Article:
General Ledger Templates
A general ledger is the set of numbered accounts for the purpose of accounting records of an entity. It stores a complete record of financial transactions throughout the life of the organization. Usually, the information related to accounts for assets, liabilities, equity, expenses, and revenue which are needed to prepare the financial statement. This means that it is a basic document that holds all the information required to formulate or draft the other financial instruments like an income statement and balance sheet.
This tool is used by accountants all over the globe. Transactions done by the organization throughout the specified period are recorded in these ledgers under the specified heads of accounts and then by using this information trial balance is generated by them. A trial balance is a list or listed report in which all the accounts and its balances corresponding to it are mentioned. This trial balance then becomes the basis of the financial statement. By this, we can understand those general ledgers are the foundation of all the financial instruments to come.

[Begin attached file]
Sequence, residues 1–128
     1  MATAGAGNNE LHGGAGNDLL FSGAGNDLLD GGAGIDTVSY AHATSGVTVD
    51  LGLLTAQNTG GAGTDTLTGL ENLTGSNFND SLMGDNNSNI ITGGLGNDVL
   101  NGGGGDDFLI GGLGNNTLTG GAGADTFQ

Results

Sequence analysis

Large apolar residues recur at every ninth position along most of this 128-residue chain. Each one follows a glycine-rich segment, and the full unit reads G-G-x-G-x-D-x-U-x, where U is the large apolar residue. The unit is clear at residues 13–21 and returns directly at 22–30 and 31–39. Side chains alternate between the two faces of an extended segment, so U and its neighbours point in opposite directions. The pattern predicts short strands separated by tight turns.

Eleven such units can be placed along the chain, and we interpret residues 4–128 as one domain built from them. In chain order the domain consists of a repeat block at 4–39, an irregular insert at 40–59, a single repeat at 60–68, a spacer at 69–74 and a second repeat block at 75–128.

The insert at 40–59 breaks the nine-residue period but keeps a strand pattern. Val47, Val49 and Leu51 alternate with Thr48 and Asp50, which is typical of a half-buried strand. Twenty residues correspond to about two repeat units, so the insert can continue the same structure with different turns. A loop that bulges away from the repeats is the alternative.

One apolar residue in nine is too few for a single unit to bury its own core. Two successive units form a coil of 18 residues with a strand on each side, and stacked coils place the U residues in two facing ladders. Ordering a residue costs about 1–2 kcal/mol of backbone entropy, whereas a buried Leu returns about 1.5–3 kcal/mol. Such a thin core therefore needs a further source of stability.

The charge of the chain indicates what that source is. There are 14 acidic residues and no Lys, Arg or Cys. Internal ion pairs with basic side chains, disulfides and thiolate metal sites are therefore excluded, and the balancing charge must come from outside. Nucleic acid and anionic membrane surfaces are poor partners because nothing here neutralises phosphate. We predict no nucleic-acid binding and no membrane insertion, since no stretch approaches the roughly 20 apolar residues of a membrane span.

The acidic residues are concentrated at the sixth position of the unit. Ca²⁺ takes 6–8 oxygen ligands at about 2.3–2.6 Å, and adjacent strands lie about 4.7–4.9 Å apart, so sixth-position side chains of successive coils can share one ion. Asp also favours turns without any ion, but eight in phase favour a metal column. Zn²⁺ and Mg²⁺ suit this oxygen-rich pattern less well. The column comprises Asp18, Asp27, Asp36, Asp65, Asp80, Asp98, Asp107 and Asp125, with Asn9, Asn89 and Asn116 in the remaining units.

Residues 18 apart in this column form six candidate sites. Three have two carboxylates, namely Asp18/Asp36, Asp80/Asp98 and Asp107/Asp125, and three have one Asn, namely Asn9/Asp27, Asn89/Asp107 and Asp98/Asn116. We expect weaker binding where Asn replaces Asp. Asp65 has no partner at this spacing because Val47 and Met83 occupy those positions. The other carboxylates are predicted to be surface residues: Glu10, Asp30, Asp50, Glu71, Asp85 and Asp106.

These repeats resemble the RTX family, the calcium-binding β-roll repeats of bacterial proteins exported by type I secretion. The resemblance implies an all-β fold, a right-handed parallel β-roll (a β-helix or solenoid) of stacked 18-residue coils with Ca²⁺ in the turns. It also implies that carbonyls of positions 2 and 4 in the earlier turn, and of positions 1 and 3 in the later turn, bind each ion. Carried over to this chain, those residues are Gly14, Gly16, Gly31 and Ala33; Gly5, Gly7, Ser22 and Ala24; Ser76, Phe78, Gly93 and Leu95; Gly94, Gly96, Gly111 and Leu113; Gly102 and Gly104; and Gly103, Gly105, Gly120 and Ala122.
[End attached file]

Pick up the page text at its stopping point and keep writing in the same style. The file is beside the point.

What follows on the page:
The general ledgers include information related to assets, liabilities, revenues, expenses and the owner’s equity of the organization. Apart from all the above-mentioned uses or benefits of general ledgers, it proves to be the most helpful tool while reviewing the financial statements.
Whenever generating or reviewing the financial statements, accountants come across any fluctuation or out of balance condition, they simply refer to the general ledgers and identify the problem in no time. As it is said earlier that through general ledgers income statements are generated, it is easier to pinpoint the problem at first step. Similarly, in the process of auditing of the financial statements, whether internal or external, the general ledger is considered as a vital document.
Auditors use this tool to get a detailed explanation of income and expenditure of the company and that everything has been recorded perfectly or not. Auditors usually compare the total general ledger movement for each head to the total activity drafted on the income statement. The balance mentioned on the income statement or balance sheet should be the same as it is in the general ledgers.